(07/13/2022, 11:54 AM)bo198214 Wrote: Oh, Daniel, I really don't know where to start - there are so many implicit assumptions in your question.

Start with my first impression: Somehow it's asking like: "I want to sanity check an algorithm that I found (after long research and encountering a lot of interesting mathematical side topic) that can compute the length of a third side of a right triangle." People would answer "well there is something that is called theorem of Pythagoras, why not use that?!"

If you only would compare numerical results of this theorem with your own algorithm, you would miss a lot! First a numerical "equality " is no proof. (You could easily be fooled for example by the half-iterate developed at 2 and 4 of sqrt(2)^x, which coincide by many digits, but in the end are essentially different functions - this was already several times said on the forum).

Second an algorithm is not a proof. Theorem of Pythagoras contains a proof that an algorithm will always yield the right answer.

Similar issue with the Schroeder iteration: There we have a proof of convergence of different ways of computing. We have a proof of the resulting function being analytic, etc etc

You see how much richer that is than just having numerical coincidence? Of course as a sanity check on should do some numerical comparisons.

And then there is another category like the Kneser construction: which gives proof of existence, or the Leau-Fatou construction, which proofs existence and uniqueness. But both have no easily accessible means of numerical computation. (So the only sanity check is that many mathematicians looked at it and confirmed, typically by peer-reviewed publication or teaching it at university)

With Tetration we are unfortunately mostly (except regular iteration) in the situation of having some numerical methods with no proof of convergence, with no proof of holomorphy (in case of convergence) and with no clue about identity (which algorithms converge to the same function).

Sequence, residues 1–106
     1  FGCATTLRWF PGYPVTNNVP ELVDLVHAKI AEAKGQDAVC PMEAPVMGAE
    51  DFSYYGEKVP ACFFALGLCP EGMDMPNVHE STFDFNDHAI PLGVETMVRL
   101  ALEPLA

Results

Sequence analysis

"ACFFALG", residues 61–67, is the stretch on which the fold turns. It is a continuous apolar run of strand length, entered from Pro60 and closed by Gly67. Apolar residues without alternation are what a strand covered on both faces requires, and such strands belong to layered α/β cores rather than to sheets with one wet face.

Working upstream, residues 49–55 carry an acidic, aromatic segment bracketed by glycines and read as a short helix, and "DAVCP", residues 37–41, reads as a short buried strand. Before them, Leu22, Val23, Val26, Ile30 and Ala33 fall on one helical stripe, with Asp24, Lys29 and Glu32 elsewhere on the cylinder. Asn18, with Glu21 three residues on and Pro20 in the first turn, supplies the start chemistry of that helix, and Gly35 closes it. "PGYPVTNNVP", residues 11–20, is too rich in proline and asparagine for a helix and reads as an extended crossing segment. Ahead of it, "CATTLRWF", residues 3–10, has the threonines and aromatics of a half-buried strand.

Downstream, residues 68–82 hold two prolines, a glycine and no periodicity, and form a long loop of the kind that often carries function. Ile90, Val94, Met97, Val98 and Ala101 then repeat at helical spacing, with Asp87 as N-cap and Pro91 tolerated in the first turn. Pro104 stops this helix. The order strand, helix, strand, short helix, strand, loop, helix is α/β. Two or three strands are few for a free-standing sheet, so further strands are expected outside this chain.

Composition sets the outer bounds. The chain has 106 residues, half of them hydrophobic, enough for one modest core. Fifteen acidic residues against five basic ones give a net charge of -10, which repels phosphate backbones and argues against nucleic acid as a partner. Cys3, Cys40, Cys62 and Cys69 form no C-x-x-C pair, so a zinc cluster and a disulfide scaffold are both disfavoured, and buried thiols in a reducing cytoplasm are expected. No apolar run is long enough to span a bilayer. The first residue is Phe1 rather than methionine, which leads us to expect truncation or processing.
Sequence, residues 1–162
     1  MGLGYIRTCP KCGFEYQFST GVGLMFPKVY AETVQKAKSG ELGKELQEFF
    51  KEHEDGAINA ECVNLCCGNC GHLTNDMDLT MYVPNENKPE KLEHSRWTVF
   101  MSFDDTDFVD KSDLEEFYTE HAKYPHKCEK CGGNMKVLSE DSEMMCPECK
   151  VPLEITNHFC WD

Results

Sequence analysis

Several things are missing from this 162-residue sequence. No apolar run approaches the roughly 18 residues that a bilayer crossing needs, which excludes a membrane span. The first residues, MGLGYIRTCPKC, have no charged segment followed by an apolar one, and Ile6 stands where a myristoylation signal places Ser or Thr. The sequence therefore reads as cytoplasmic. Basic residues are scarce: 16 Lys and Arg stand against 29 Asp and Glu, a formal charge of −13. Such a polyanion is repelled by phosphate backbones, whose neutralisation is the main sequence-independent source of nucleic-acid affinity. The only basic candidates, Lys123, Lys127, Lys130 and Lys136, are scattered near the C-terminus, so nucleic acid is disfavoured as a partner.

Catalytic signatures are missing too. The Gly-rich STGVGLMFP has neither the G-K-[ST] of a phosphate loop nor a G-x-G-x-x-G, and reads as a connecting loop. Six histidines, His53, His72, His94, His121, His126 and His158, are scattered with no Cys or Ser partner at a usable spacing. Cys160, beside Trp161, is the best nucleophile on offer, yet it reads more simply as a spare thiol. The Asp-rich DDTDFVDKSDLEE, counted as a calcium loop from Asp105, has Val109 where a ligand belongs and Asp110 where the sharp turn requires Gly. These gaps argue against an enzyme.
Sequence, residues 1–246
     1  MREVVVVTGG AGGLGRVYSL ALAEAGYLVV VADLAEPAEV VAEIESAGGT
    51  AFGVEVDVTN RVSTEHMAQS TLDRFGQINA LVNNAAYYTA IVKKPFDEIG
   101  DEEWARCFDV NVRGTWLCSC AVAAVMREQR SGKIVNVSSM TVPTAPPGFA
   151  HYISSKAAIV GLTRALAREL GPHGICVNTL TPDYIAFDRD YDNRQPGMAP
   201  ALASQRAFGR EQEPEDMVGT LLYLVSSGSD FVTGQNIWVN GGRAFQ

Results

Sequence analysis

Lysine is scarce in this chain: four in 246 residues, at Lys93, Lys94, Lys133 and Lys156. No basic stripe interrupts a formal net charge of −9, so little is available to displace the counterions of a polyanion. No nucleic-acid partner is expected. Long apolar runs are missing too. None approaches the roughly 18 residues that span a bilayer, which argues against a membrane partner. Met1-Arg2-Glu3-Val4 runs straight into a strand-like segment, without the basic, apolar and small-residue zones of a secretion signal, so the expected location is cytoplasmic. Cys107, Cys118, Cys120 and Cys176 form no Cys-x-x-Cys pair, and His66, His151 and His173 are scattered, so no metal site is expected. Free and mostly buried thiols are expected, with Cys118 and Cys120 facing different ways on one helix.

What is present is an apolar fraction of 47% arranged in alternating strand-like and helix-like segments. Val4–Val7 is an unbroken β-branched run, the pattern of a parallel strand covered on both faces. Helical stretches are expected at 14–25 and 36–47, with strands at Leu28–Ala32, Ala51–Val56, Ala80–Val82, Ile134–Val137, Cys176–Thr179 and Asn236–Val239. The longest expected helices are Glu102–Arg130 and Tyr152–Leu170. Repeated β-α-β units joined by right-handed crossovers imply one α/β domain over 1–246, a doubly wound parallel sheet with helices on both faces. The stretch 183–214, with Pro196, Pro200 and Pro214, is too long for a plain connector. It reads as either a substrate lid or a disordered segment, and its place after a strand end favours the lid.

So what I want to say: it is essential to understand the well-known theory (e.g. Schröder-Iteration, Kneser construction, Leau-Fatou construction) if only to have a common base of understanding each other. Otherwise we praise ourselves in our snail house, never having seen the world in comparison.

Wow, that was a disappointing response Bo. I ask a simple question and I get a bunch of random criticisms of me and my work. Good criticism is wonderful. Uninformed criticism sucks. If you want to know what mathematics you are criticizing, see Bell Polynomials of Iterated Functions. Yiannis supports my work and my paper. I submitted the paper to the Annals of Mathematics. They only publish one out of twenty papers they receive. Their one unresolved issue was that I didn't base my work on germs.

Now back to the original simple question I asked.

Daniel Wrote:My ultimate sanity test is to prove symbolically that using the Taylor's series for \( f^n(z) \) that \( f^{a+b}(z)-f^{a}(f^{b}(z))=\mathcal{O}(z^k) \)So, no talk about algorithms or numerical simulations. This identity can be used to determine if different techniques are equivalent. Also, is is always good to have more than one proof for a problem. Wasn't it quadratic reciprocity that Gauss discovered six different proofs for? Given the comments made, I assume that none of the techniques represented by current involved members of this forum can satisfy my sanity test. The exception is I believe Gottfried's matrix methods are consistent with my work. If Wolfram fixes me up with another copy of Mathematica I will contact Paulsen and ask him for copies of his Mathematica notebooks.

Edit: I just wrote Dr. Paulsen, so maybe I can arrange to get copies of the notebooks.

Daniel